Monday, 22 February 2021
Domestic and Family Violence
On Friday we paused to remember the loss of three innocent souls through one of the most callous and devastating acts of domestic violence Australian had ever seen. The murder of Hannah Clarke and her three children, Aaliyah, Laianah, and Trey, by her estranged husband was a day when we all hugged our children a little tighter. Our community was in shock. A beautiful family lost their daughter and their grandchildren. A school community lost three beautiful students and friends. On Friday we lit a candle as the sun went down to remember that in darkness there is always light. Twelve months on, that light is shone brightly by Hannah's parents, Sue and Lloyd Clarke, who have honoured their loved ones by working to put an end to the incidence and severity of domestic and family violence in Australia.
Today I want to honour their legacy and the Small Steps 4 Hannah foundation. I want to honour Hannah's bravery for walking away and for fighting for her children. Through Small Steps 4 Hannah, Lloyd, Sue and Nat Clarke have started a movement for change, and I'm very pleased to see that their words have turned into actions. Last week the Queensland Premier announced she would appoint a task force to investigate how they can legislate against coercive control. I would like to commend the premier for taking up the cause and agreeing to work with domestic and family violence services and frontline workers to better protect victims of non-physical and physical domestic violence. I believe this is a tremendous credit to the Small Steps 4 Hannah foundation, and I encourage all our other states and territories to pick up the momentum to help protect domestic violence victims. No family should endure this pain again.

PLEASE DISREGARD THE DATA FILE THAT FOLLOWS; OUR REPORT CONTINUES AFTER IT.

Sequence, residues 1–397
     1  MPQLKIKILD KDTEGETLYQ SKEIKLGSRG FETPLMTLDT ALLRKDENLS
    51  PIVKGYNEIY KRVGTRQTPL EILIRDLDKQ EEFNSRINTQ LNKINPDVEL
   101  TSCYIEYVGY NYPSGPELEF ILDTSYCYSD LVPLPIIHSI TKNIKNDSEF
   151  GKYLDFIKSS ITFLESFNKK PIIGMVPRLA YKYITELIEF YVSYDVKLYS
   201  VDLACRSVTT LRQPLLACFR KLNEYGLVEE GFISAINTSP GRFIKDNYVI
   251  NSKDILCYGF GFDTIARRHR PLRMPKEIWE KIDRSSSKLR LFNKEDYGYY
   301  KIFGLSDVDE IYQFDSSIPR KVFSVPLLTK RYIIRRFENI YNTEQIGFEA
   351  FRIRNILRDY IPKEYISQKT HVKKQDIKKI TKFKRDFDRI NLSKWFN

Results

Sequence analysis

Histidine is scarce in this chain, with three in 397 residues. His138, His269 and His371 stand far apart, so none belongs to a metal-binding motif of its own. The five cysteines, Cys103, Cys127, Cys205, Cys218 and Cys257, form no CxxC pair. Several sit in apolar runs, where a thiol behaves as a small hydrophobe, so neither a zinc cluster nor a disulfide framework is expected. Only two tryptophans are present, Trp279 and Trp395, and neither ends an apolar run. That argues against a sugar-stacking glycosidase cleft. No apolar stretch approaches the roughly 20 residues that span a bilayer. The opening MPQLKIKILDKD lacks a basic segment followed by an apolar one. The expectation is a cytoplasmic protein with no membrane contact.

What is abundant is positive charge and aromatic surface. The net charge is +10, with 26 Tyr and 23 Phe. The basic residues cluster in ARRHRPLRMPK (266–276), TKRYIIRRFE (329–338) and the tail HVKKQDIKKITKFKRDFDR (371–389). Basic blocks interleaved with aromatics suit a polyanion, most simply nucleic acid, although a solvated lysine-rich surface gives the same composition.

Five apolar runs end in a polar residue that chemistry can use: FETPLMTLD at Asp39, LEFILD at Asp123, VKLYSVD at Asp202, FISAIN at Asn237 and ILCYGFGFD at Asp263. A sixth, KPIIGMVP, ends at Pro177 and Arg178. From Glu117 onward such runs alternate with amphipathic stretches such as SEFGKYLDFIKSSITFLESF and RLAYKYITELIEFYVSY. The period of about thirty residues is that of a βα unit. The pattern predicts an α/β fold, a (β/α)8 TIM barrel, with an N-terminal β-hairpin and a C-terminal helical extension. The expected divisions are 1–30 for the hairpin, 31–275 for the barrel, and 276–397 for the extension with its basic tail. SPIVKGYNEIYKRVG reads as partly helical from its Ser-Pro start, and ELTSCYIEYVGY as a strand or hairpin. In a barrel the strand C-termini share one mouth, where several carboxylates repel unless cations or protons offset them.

Through the Small Steps 4 Hannah foundation, Lloyd and Sue have started the HALT movement. HALT exists to halt the cycle of domestic violence so that everyone can feel respected, informed and confident to act and to be safe. They are doing this through fundraising, events and partnership to bring the community with them on this journey. Their key focus is around education and advocacy and around funding projects and supporting people in the community who are living with domestic and family violence. I've been very privileged to get to know Carolyn Robinson from Beyond DV, who runs Lillian's Place, a safe space to help women who have left a domestic violence situation and to work to get their lives back, from understanding and managing their finances to job interviews and workshops on self-worth and self-esteem. I have seen firsthand the amazing work that can be achieved when the community comes together.
I first visited the centre last year, and it is growing in leaps and bounds. We cannot change the world in one day. It is done one step at a time—a mantra that I believe Small Steps 4 Hannah embodies. With one small step at a time, we can put an end to domestic and family violence. One step at a time we are giving victims the confidence to walk away knowing that they will be safe and that the laws are in place to protect them. One step at a time we will make sure that no family will endure this pain again. (Time expired)